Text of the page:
If you’re someone who doesn’t like NFL-style innovations in your baseball, this may be some bad news for you. Ben Walker of the Associated Press reports that major league umpires are going to discuss a plan with Major League Baseball that would give them microphones to explain replay decisions to the fans:
While nothing is set, Major League Baseball and umps are expected to discuss a plan — most prominently used in the NFL — for crew chiefs to wear a microphone and explain replay rulings.
Under one possible scenario, they would start at the All-Star Game on July 11 in Miami, tweak the process over the season’s second half and then go forward with the experiment in the playoffs.
People familiar with the talks spoke to The Associated Press on condition of anonymity because an agreement has not yet been reached.
Given that virtually all baseball replay calls are “out” or “safe,” I’m not sure why this is necessary, but “necessary” has never been at the top of the list when it comes to decisions dealing with replay.
Oh, and it will also add time to replay reviews which can drag as it is and will likely make umpires even more self-conscious about replay review which, I strongly suspect, has already made them more tentative on certain calls as it is.
What in the heck is the upside?
Mets minor league outfielder and former NFL quarterback Tim Tebow was recently promoted from Single-A Columbia to advanced Single-A St. Lucie. Critics suggested that, because Tebow wasn’t exactly lighting up competition with Columbia, the promotion was just about marketing.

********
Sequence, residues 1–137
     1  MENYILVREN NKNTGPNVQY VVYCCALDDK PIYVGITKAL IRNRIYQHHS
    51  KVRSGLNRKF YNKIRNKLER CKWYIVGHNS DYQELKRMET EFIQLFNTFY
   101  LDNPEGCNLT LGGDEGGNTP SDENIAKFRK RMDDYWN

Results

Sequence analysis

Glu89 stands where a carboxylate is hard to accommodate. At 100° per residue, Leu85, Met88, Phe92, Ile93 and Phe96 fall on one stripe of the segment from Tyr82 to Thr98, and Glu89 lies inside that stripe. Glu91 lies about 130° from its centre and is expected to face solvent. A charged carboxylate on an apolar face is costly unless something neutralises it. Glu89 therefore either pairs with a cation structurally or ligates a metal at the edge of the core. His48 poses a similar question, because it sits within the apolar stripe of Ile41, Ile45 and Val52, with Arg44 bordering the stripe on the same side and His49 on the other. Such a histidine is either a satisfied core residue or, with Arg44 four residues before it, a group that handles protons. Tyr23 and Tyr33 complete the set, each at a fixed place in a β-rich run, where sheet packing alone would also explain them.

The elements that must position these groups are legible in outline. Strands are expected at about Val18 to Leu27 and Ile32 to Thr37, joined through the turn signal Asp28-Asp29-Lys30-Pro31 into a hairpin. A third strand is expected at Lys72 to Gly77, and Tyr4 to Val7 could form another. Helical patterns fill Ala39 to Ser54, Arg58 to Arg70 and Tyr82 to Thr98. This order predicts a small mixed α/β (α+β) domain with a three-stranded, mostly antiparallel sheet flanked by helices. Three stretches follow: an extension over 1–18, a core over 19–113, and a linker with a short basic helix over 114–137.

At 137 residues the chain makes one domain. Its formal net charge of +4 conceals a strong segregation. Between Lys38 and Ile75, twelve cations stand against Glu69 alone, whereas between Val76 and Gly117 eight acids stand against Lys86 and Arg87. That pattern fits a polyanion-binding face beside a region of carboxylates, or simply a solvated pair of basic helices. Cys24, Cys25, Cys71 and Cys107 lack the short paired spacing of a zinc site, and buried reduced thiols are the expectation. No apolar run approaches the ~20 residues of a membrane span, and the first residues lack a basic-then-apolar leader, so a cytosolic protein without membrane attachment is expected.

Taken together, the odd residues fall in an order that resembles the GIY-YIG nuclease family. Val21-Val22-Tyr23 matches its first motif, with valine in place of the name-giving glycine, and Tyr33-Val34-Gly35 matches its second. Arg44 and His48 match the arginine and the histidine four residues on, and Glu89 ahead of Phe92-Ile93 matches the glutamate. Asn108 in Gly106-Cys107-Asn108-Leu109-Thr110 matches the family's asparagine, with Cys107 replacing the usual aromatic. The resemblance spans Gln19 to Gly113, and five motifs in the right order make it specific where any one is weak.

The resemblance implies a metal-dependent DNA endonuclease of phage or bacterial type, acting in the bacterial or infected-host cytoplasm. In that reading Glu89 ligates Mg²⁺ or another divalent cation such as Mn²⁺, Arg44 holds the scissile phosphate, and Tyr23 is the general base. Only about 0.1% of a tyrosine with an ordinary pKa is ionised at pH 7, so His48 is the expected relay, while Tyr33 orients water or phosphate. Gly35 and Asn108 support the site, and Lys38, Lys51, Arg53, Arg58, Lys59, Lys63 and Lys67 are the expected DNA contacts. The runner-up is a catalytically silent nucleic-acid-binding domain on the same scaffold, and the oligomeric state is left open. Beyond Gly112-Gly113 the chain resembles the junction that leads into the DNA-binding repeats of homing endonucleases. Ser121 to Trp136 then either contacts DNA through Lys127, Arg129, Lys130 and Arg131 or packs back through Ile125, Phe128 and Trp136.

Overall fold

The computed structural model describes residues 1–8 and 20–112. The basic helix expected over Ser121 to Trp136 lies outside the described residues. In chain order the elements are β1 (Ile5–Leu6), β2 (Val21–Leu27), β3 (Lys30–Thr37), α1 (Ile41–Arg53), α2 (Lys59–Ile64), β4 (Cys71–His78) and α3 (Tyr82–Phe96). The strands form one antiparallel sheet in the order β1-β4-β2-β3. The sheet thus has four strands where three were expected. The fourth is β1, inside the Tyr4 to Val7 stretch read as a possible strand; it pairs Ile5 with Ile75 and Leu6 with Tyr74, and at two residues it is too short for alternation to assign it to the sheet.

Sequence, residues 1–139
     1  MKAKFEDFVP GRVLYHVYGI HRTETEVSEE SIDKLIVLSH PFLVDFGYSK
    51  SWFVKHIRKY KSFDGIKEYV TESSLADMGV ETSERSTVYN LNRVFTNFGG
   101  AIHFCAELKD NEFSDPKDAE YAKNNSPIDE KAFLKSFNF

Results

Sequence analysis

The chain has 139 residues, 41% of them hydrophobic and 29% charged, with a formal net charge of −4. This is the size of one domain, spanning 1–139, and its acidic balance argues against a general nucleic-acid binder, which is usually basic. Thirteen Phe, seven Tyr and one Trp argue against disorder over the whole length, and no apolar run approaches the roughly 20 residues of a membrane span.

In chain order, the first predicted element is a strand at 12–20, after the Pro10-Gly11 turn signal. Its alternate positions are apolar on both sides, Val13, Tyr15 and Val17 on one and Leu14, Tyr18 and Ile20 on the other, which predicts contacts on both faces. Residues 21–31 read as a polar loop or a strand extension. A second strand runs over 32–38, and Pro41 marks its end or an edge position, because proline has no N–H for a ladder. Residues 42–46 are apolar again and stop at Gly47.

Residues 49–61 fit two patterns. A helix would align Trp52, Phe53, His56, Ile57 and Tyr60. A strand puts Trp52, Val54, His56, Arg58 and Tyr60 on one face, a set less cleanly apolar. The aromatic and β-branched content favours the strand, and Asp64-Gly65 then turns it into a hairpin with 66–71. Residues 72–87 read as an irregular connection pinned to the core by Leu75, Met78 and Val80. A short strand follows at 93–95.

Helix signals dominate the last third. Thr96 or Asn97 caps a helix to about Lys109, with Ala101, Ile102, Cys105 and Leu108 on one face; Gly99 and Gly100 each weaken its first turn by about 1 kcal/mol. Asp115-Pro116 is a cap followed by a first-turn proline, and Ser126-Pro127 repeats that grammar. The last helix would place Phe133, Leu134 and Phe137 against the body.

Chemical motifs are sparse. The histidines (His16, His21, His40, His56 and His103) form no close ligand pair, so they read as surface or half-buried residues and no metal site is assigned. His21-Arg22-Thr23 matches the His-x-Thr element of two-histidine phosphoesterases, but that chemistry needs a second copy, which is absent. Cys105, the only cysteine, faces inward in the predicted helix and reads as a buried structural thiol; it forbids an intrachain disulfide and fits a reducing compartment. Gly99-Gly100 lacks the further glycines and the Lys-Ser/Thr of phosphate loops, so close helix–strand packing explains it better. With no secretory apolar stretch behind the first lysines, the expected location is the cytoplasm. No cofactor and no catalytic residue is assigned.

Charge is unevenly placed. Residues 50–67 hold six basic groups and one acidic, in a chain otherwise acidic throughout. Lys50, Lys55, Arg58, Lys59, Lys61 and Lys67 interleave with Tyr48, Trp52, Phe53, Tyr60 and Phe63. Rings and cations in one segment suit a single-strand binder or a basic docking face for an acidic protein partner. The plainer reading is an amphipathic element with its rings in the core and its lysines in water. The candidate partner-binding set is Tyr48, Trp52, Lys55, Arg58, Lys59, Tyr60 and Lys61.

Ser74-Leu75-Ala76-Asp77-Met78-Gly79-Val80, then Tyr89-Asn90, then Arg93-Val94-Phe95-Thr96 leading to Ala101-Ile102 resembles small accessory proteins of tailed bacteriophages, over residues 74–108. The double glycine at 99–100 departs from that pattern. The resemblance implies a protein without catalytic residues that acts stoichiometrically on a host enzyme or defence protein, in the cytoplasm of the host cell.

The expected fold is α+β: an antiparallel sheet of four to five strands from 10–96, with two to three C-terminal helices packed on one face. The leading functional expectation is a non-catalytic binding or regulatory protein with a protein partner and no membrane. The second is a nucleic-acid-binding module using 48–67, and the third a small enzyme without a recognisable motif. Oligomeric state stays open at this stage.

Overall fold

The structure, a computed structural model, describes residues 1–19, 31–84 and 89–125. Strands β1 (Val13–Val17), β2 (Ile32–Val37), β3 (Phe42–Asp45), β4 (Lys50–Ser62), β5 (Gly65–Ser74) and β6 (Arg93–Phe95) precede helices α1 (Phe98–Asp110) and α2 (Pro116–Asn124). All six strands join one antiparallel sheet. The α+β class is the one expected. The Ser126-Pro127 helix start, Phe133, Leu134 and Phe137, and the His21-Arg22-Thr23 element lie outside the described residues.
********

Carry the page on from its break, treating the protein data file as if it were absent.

Tebow, to his credit, has gotten off to a good start with St. Lucie. In his first at-bat with his new team, he hit a two-run home run, turning a 1-0 deficit into a 2-1 lead. The home run came on a 3-1 count against starter Junior Fernandez of the Palm Beach Cardinals. Fernandez is the Cardinals’ No. 10 prospect, according to MLB Pipeline.
With Columbia, Tebow was hitting a paltry .220/.311/.336 with three home runs and 23 RBI in 244 plate appearances.
The Cardinals announced on Wednesday that shortstop Aledmys Diaz has been optioned to Triple-A Memphis and infielder Alex Mejia’s contract has been purchased from Memphis.
Diaz, 26, impressed last season when he posted an .879 OPS and finished fifth in National League Rookie of the Year balloting. This year has been rough on Diaz, as he’s batting .260/.293/.396 with seven home runs and 20 RBI in 288 plate appearances. He’s the second major Cardinals player to get sent down to the minors along with Randal Grichuk.
Diaz was surprised by the demotion. Via MLB.com’s Jenifer Langosch:
Mejia, 26, opened the season with Double-A Springfield but was promoted to Triple-A two weeks ago. With Springfield, he hit .251/.305/.366 in 251 PA. In 42 PA with Memphis, he hit .263/.333/.289.